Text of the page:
Prior to the issuance of the 2007 report, I brought these matters to the attention of AHRQ suggesting that, as appropriate, the matters be addressed in the 2007 report and that an errata sheet be added to the on-line version of the 2006 report.
Only one of the matters may have been addressed in the 2007 report.And, though an errata was sheet was at some point posted for the 2006 report, it does not address the errors in that report.
In order to maintain a publicly available record of these issues, I provide as items 1 and 2 below links to edited versions of emails to the staff of AHRQ regarding these matters.Because the 2006 report was to be the subject of a presentation at the 2007 conference of the American Public Health Association, I reviewed the report with some care.I have given only limited attention to the 2007 report, save to determine whether it addressed certain of the matters I brought to AHRQ’s attention regarding the 2006 report.The limited review of the document, however, did identify certain technical issues in the 2007 of the same or similar to nature to those addressed with AHRQ regarding the 2006 report.In an email of March 11, 2009, I then brought those issues the attention of the same AHRQ staff member with whom I addressed similar issues with the 2006 report.Since those issues involve matters of which users of the 2007 report should be made aware, the March 2009 email to AHRQ is made available by means of the third link below.[ii]
[i]In section A. 1 of the November 12, 2007 email to AHRQ (and in the version of this document that was posted between March 12, 2009 and December 6, 2009), I described these changes as being as a 122% yearly increase and a 0.9% yearly decrease.In doing that I had simply used the methodology AHRQ describe note xix (at 5) of the 2006 NHDR, where it was clearly discussing percentage point changes rather than percent changes (though it termed these changes as percent changes in the text).The methodology in appropriate for translating an all-years percentage point change into yearly changes, since changes in the baseline from year-to-years are not relevant.But those changes are relevant with regard to the relationship between an all-years and he yearly changes underlying it.For example, a 20% % yearly increase would translate into a 73% increase over three years; a 20% yearly decrease would translate into a 49% decrease over three years.And the larger the yearly change the greater the degree to which yearly changes will differ from an all years figure.In any case, the 122% figure was based on an all-years 363% increase in the relative difference divided by three years but the correct figure is close to 65%.Because the percent yearly decrease in the relative difference in new AIDS cases was small, the properly calculated figure differed little from the figure derived by dividing an all-years 3.3% change by four years.See discussion of this issue in the Percentage Points sub-page of the Vignettes page of jpscanlan.com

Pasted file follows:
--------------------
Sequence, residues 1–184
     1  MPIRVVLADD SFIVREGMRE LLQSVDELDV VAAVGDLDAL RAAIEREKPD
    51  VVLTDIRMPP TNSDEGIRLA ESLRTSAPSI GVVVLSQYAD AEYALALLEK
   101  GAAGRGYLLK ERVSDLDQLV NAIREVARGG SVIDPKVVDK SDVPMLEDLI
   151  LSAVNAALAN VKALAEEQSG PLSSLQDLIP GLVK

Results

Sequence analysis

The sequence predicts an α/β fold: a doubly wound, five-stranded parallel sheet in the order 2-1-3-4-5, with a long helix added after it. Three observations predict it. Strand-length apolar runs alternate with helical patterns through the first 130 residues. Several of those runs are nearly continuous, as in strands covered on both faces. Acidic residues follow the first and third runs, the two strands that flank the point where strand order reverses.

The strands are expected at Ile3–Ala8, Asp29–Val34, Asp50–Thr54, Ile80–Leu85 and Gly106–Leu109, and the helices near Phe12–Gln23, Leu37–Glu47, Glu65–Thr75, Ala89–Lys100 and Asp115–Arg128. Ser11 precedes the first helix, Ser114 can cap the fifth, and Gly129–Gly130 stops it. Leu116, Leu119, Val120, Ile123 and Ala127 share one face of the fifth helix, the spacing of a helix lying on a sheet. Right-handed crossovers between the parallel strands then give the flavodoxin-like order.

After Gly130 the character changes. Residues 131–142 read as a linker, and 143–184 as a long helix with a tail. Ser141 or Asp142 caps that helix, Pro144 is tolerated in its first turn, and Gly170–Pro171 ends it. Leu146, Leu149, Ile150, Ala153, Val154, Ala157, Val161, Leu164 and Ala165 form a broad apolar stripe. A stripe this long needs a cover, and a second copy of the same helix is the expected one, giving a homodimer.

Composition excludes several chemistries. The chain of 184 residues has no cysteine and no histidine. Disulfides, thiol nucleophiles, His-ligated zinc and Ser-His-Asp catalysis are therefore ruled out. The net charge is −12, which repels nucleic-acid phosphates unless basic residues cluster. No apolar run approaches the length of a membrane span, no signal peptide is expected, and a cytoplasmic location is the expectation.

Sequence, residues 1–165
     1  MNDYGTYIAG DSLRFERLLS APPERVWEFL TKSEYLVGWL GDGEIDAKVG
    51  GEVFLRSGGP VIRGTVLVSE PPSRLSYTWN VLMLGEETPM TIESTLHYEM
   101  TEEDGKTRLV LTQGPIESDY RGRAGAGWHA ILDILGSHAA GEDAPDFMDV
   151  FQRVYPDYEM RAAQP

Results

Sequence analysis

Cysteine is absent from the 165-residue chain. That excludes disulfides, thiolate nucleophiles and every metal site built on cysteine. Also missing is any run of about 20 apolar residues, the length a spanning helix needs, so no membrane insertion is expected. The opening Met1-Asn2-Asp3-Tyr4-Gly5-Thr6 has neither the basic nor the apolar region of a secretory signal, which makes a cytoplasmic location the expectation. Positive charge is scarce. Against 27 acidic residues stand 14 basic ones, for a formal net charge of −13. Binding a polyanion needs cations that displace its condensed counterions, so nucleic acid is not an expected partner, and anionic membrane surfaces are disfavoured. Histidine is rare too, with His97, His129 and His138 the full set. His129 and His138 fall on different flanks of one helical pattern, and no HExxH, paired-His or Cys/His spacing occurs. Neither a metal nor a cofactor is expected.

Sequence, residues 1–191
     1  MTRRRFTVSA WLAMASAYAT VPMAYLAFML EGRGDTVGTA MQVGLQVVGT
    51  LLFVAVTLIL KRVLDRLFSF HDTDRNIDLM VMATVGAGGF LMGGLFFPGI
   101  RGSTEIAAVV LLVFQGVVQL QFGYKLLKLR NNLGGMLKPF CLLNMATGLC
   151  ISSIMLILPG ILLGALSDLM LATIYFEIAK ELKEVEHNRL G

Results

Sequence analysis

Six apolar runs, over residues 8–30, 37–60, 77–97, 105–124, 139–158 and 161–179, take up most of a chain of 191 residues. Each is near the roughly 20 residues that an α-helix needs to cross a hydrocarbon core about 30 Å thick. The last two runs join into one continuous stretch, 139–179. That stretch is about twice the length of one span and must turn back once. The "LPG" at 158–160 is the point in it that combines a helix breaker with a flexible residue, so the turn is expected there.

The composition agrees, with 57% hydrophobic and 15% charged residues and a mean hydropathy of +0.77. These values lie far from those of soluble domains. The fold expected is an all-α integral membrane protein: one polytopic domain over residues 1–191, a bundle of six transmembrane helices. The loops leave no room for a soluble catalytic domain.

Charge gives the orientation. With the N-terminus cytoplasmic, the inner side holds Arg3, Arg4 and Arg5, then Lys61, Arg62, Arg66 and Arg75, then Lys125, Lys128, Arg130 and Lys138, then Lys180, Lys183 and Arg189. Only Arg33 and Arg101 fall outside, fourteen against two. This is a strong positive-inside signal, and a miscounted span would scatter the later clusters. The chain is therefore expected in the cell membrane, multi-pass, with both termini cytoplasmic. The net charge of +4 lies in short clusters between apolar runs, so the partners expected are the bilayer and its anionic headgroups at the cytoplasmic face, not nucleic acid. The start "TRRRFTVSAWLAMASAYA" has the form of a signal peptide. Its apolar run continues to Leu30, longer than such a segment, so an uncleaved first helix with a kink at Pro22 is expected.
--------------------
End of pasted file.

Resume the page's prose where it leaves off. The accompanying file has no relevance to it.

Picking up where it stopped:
[ii]I have not reviewed the 2009 report carefully.But I did note that in describing the 1% change that it would regard as meaningful (at page 28), AHRQ uses the same language that it uses in the National Healthcare Quality Report and thus describes a 1% change in an outcome rate.Presumably it means a 1% change in a relative disparity (though in generally describing changes in disparities it discusses percentage point changes though referring to them as percent changes).